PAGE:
St. John’s Hosts 2017 Securities Dispute Resolution Triathlon
The Hugh L. Carey Center for Dispute Resolution and the Financial Industry Regulatory Authority (FINRA) hosted the annual Securities Dispute Resolution Triathlon on October 14 and 15, 2017 at St. John’s Manhattan campus.
The Triathlon stands alone as a single competition that tests law student ability in each of the three main ADR processes—negotiation, mediation, and arbitration. Students compete as advocacy lawyers, settlement counsel, and clients in a securities dispute. At the outset they try to negotiate a resolution, then they represent their clients in mediation, and finally they proceed to arbitration before a three-person panel. Professional neutrals from FINRA’s roster serve as mediators, arbitrators, and judges, giving students a realistic experience of these vital dispute resolution approaches.
This year’s fact pattern, “Shades of Gray,” centered on an emerging issue in current practice: What constitutes a brokerage firm’s adequate supervision of its graying population of brokers? Implicit in this issue is whether adequate supervision requires an ongoing assessment of a broker’s mental capacity.
“Given these novel facts and issues, the competitors came to see that presenting legal problems are often not just about the law, but also involve business, economic, psychological, and societal problems,” says Elayne E. Greenberg, assistant dean for dispute resolution programs, professor of legal practice, director of the Carey Center, and creator of the Triathlon. “For instance, they considered organizational changes that brokerages need to make to heighten their awareness of brokers who are starting to experience cognitive decline. The learning comes in discerning which dispute resolution process best addresses the multiple dimensions of a particular case, and in identifying effective ways to advocate in the three processes.”
Regardless of the career path they choose, in or outside the legal profession, law students benefit tremendously from developing the dispute resolution skills they need to be effective advocates. “After all, most legal cases do settle,” Professor Greenberg notes. “As collaborators on the Triathlon, the Carey Center and FINRA give students a unique opportunity to grasp the nuances of settlement modalities, and to experiment with different advocacy styles in simulated, real world contexts.”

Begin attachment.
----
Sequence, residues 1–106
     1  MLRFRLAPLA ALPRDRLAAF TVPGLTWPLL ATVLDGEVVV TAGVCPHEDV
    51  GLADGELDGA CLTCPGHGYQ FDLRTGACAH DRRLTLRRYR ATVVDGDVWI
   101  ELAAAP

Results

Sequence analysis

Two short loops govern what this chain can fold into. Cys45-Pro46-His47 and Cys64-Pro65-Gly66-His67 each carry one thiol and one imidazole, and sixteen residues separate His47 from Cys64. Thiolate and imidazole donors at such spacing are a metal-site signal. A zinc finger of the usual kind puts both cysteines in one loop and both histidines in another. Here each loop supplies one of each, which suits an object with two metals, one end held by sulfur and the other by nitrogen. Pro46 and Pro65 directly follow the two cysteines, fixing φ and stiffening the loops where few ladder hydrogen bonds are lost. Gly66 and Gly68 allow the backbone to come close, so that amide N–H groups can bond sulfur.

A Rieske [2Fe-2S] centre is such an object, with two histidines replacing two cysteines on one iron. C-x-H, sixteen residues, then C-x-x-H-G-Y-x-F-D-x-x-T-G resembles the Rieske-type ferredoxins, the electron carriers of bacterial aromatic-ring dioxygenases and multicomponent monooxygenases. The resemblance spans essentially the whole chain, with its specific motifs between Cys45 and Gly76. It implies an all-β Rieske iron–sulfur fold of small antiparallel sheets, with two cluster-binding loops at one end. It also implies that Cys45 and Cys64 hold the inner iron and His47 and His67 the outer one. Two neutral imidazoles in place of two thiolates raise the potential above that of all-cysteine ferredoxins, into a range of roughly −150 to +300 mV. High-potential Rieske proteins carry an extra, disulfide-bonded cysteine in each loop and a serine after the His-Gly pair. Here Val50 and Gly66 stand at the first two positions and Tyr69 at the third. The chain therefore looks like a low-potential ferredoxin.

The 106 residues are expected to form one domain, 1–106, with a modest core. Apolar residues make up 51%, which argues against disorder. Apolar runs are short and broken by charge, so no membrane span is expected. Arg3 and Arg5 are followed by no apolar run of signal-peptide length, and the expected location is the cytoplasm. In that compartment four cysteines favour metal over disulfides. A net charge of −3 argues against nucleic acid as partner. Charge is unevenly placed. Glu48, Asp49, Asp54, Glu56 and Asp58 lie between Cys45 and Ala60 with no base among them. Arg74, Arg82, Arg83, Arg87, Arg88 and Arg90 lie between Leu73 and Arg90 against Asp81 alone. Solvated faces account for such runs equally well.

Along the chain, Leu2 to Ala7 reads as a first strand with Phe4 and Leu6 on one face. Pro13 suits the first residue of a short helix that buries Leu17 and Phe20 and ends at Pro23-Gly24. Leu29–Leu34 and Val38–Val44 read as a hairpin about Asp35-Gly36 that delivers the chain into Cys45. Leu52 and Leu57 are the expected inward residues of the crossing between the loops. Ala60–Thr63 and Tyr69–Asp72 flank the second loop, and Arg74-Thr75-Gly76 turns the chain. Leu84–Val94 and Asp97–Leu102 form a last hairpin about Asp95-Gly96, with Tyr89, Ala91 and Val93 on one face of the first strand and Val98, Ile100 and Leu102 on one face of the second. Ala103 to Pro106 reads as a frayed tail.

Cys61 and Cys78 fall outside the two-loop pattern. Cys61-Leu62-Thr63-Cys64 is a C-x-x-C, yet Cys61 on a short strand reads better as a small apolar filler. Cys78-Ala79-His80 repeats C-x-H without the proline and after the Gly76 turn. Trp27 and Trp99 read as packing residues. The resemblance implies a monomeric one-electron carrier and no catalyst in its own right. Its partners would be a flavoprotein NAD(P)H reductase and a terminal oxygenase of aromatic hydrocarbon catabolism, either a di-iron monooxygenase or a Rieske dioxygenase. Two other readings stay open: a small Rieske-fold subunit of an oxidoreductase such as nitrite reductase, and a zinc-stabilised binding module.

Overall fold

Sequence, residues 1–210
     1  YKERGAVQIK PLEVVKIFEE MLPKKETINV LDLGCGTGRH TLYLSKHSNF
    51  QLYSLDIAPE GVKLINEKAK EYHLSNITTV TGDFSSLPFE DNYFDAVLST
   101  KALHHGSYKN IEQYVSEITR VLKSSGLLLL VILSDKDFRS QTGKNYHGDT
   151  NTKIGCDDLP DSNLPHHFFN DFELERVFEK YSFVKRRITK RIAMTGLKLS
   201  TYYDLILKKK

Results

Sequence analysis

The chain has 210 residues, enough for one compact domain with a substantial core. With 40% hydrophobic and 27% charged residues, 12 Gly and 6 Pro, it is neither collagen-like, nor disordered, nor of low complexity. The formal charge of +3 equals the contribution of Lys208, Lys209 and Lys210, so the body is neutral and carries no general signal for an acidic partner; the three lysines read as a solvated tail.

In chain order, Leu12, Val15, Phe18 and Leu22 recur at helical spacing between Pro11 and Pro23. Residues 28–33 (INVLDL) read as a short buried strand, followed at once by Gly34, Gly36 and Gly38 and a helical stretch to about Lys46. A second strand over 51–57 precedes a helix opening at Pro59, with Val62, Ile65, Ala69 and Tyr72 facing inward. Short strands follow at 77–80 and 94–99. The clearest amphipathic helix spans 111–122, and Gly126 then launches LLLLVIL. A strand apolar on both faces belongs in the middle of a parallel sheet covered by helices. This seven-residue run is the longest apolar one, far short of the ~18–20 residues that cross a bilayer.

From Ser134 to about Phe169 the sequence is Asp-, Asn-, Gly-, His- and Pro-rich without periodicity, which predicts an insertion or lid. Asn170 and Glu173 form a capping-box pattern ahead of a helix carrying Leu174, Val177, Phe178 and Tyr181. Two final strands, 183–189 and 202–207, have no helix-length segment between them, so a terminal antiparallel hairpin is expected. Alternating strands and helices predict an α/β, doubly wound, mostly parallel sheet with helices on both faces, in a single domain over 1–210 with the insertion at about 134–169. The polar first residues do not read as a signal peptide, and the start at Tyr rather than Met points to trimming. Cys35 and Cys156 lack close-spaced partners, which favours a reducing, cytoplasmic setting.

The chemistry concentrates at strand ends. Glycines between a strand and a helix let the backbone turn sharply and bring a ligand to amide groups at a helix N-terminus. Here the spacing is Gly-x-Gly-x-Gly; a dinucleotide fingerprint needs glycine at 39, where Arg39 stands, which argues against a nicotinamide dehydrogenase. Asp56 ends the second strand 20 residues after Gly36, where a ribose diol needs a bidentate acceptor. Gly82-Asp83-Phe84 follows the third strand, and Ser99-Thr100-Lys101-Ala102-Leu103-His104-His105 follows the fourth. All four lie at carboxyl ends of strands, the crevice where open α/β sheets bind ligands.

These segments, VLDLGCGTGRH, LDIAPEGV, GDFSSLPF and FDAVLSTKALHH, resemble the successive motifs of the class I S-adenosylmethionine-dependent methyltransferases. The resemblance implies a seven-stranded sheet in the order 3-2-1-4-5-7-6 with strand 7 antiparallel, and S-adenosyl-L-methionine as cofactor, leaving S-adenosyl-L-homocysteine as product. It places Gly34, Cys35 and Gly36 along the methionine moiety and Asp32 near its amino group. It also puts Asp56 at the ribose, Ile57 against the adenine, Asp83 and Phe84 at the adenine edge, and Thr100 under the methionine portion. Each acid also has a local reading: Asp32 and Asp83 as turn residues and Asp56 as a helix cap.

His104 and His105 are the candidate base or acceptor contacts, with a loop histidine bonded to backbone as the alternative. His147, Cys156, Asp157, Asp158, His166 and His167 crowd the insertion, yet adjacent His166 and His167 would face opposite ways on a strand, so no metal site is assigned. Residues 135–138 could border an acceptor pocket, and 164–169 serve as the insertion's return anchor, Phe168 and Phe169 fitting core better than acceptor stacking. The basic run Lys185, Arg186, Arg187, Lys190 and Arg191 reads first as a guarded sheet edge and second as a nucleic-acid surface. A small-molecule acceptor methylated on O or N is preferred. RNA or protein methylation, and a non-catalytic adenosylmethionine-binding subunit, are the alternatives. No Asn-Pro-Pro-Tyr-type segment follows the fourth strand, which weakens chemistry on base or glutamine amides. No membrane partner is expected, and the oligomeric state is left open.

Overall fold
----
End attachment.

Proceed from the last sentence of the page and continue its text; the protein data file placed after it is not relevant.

Besting a field of 20 teams from law schools around the country, the Benjamin N. Cardozo School of Law took the overall championship, with the University of Mississippi School of Law coming in second place and the American University Washington College of Law taking third.
Cornell Law School won the arbitration round, with the Marshall–Wythe School of Law at the College of William & Mary placing second and Texas A&M University School of Law coming in third.
The mediation round went to Brooklyn Law School’s Team Q, with the University of Maryland Francis King Carey School of Law taking second place and William & Mary coming in third. Brooklyn Law School’s Team R won the negotiation round, with American placing second and Cardozo earning third.
University of Pittsburgh School of Law won the Advocate’s Choice Award, given to the team voted by the other competitors as demonstrating the highest degree of effectiveness and professionalism. Texas A & M took second place and Brooklyn Law School’s Team Q earned third.
The competitors found the Triathlon an exceptional, hands-on learning opportunity, and came away with a number of valuable insights, including:
- Prepare! Prepare! Prepare! Prepare! And then be ready for what you didn’t expect!
- You can’t negotiate with people who don’t want to negotiate!
- Negotiation is an art form between flexibility and adaptability!
- Always know your BATNA and never accept a bad deal for convenience.
- Humility can go a long way with a mediator!
- I have learned different ways to use the mediator effectively.
- Mediators can get through to the client and keep us on track.
- Mediators are sanity checks!
- Using external standards can be very effective.
- Remain firm even if the mediator is attempting to push you to an agreement.
- Try as much as possible to resolve your case before you go to arbitration. The arbitration outcome is much less foreseeable than in negotiation or mediation. Ditto! Ditto!
- Pick your mediator wisely so that you can avoid arbitration!
- Learn the difference in advocacy styles among the three dispute resolution processes!
- Facts and wishes don’t change the law!
Next year marks the 10th anniversary of the Securities Dispute Resolution Triathlon, which will be held on October 13 and 14, 2018. For more information, please visit the competition website.